Thursday, December 4, 2008

Tell me this

Detail of “Der Rabe,” a painting by Carl Spitzweg 1808-1885, used to illustrate a paperback collection of E.A. Poe. What is the opposite of anthropomorphism? Is there one? Isn’t it redundant?

I re-read the Narrative of Arthur Gordon Pym of Nantucket, Poe’s only novel, skipping the tedious bits (a recapping of Antarctic exploration; an excursion into natural history -- all fine, but dramatically, shouldn’t these have been before the cannibalism?), gritting my teeth over the non-ending. Narrative interruptus! We never get into “the whiteness of the whale.” I mean the whiteness of the South Pole, of course, but I, and I assume everyone else, can’t escape the 19th C.’s whale.

And speaking of shaggy fish stories, I finally read Flann O’Brien’s At Swim-Two-Birds. An amazing novel, about (I’m simplifying here, like, way) a university boy writing, between pints of stout, a book about a writer whose characters rebel against him, with guest appearances by legendary Irish heroes Finn McCool and King Sweeny (who insulted a monk and was turned into a bird-thing, which I always thought was a rather pagan punishment) and plenty of the old blarney. “Tell me this,” says the boy’s pissed-off uncle, “do you ever open a book at all?”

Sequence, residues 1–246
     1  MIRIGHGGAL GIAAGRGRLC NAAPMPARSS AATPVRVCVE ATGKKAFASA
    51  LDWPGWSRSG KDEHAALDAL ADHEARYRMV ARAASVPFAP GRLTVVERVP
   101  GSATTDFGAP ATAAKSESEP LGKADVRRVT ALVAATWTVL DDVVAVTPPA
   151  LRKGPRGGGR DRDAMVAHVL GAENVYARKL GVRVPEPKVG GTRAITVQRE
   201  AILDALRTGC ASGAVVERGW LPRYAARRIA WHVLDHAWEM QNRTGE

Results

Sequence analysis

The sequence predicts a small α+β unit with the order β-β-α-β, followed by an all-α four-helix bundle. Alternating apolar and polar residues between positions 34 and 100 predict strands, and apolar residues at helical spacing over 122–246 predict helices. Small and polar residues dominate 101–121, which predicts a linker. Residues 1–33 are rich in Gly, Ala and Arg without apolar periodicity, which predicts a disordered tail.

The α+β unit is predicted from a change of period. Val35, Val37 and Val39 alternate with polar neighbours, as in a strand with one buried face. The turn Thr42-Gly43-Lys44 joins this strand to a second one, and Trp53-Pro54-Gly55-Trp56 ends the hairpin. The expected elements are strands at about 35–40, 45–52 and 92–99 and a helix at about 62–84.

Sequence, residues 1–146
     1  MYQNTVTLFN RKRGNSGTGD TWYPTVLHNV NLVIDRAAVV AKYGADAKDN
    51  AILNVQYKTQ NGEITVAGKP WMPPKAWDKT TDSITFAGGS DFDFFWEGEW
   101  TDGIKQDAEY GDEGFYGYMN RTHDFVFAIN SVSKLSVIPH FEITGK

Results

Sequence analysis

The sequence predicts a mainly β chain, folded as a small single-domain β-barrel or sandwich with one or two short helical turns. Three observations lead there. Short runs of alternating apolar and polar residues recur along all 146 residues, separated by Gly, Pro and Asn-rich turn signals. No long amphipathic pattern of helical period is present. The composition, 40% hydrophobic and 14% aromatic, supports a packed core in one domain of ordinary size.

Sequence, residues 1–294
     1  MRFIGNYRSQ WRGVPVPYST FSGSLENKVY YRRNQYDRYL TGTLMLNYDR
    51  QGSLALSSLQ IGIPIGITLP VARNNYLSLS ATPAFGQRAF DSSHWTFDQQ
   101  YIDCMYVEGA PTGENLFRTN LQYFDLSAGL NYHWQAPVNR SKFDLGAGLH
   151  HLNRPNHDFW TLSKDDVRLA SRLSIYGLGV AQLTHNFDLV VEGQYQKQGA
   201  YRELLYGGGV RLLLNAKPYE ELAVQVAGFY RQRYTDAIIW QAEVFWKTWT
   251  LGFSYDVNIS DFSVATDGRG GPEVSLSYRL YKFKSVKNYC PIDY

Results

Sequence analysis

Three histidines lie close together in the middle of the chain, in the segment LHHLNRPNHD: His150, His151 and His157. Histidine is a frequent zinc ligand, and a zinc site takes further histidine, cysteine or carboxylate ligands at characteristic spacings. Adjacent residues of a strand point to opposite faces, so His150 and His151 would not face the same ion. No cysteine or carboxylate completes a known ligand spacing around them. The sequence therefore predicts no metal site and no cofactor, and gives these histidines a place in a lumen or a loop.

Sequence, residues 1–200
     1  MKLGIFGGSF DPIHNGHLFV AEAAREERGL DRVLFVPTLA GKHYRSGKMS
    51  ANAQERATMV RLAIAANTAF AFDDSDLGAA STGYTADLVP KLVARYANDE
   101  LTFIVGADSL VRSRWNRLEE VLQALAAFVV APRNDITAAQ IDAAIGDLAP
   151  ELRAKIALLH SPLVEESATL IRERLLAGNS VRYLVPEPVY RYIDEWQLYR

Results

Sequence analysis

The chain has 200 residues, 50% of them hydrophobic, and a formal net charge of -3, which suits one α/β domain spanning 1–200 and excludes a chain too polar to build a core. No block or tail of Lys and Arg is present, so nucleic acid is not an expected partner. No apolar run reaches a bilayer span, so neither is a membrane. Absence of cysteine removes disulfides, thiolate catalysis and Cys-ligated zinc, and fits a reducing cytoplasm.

I next read O’Brien’s The Third Policeman and enjoyed it even more. Surprisingly, it was only published posthumously, after being rejected by doltish publishers, serious maroons in this case. You’ll never think of bicycles in the same way again. Or bands of one-legged men, hobbling to the rescue of one of their own.

With Sergeant Pluck and Policemen MacCruiskeen and Fox, the trio of monstrous cops looming over the novel, I was thinking of some other famous instances of crazed coppers: Inspector Javert, Inspector Bucket, Officer Krupke, Offissa Pupp (“Limb of Law and Arm of Order”), the real Inspector Hound. There are plenty more, only I can’t think of any others at the moment; not even mentioning the innumerable television ones -- though, as characters, I’d probably only add the Barney Miller crew to the pantheon. What a precinct house these would make! From Poe on, the cops usually play Sancho on the second fiddle to the private detective genius, acting as necessary bumblers to the make the star shine shinier, but there are some doozies out there in the woof of culture.

“Tell me this, do you ever open a book at all?” Me, I’m ready to open Roberto Bolano’s 2666. You don’t have to wrap it, unless the paper’s recycled.
The raven's more kempt cousin, the crow.

1 comment:

amarilla said...

Love that crow on the sign photo, man! It reminds me of something Nora said recently, that black is the fuzziest color.